Keep the page. It's good to see how terms are created and how they develop. Especially for future examples of a polarizing perspective or an enemy image. Just ask any law student how important they view precedents. On a small note Wikipedia really lost it, they remove that page for its "purely encyclopedic notability", but Churnalism - only known in the UK apart from the non-usage of the term according to google trends - gets a full essayJun (talk)
- Hi. Thanks for having a look. It appears to me that Churnalism grew organically with good participation from early 2009 on, Presstitute from September 2017 gets nominated for deletion on the day of its creation. Must be due to the term coming from Gerald Celente, who is rather in the conspiracy corner. However, also not much engagement in expansion, but it may be limited what can be said. Still as you noted the term has recognition. What I wonder about, there is a fuss about quality, notability, standards, etc. and the article was a little bit bigger with good wording in the past, and with all the eyes looking now they write: "Presstitute is a term that references journalists and 'moulana' in mainstream media"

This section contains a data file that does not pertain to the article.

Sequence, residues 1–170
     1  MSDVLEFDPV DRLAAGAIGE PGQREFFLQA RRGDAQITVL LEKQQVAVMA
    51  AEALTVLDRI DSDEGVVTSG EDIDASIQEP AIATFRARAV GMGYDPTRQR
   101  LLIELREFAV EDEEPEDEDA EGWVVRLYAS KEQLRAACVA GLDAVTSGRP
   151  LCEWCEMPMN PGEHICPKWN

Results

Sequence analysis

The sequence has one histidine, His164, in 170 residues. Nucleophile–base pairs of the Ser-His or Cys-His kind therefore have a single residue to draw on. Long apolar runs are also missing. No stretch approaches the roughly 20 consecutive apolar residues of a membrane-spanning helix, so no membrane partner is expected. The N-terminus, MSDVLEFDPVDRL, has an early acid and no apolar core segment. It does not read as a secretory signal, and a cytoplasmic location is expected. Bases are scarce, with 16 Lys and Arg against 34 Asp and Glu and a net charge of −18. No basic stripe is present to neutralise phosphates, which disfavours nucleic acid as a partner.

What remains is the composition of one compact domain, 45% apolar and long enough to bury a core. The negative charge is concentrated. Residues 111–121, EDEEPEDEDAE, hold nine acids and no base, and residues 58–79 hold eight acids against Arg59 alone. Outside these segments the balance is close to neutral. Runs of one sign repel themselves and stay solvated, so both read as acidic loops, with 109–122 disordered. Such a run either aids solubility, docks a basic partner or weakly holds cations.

- what is "moulana"?? Nothing makes sense when I look that up. -- Sunvalley (talk) 13:53, 4 December 2020 (UTC)
Moulana comes from Mawlānā meaning "lord" in standard Arabic. The term is used for the Islamic scholars that appear on TV in India as "religious scholar" that abuse their résumé to instigate (often violent) action on TV.